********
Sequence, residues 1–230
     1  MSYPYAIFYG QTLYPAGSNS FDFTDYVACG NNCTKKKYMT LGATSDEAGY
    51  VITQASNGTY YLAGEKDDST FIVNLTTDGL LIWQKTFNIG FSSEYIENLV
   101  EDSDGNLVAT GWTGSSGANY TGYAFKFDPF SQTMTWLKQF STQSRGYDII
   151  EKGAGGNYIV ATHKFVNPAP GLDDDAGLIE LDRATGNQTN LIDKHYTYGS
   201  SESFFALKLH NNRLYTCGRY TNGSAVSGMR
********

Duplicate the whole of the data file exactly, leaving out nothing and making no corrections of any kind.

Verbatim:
Sequence, residues 1–230
     1  MSYPYAIFYG QTLYPAGSNS FDFTDYVACG NNCTKKKYMT LGATSDEAGY
    51  VITQASNGTY YLAGEKDDST FIVNLTTDGL LIWQKTFNIG FSSEYIENLV
   101  EDSDGNLVAT GWTGSSGANY TGYAFKFDPF SQTMTWLKQF STQSRGYDII
   151  EKGAGGNYIV ATHKFVNPAP GLDDDAGLIE LDRATGNQTN LIDKHYTYGS
   201  SESFFALKLH NNRLYTCGRY TNGSAVSGMR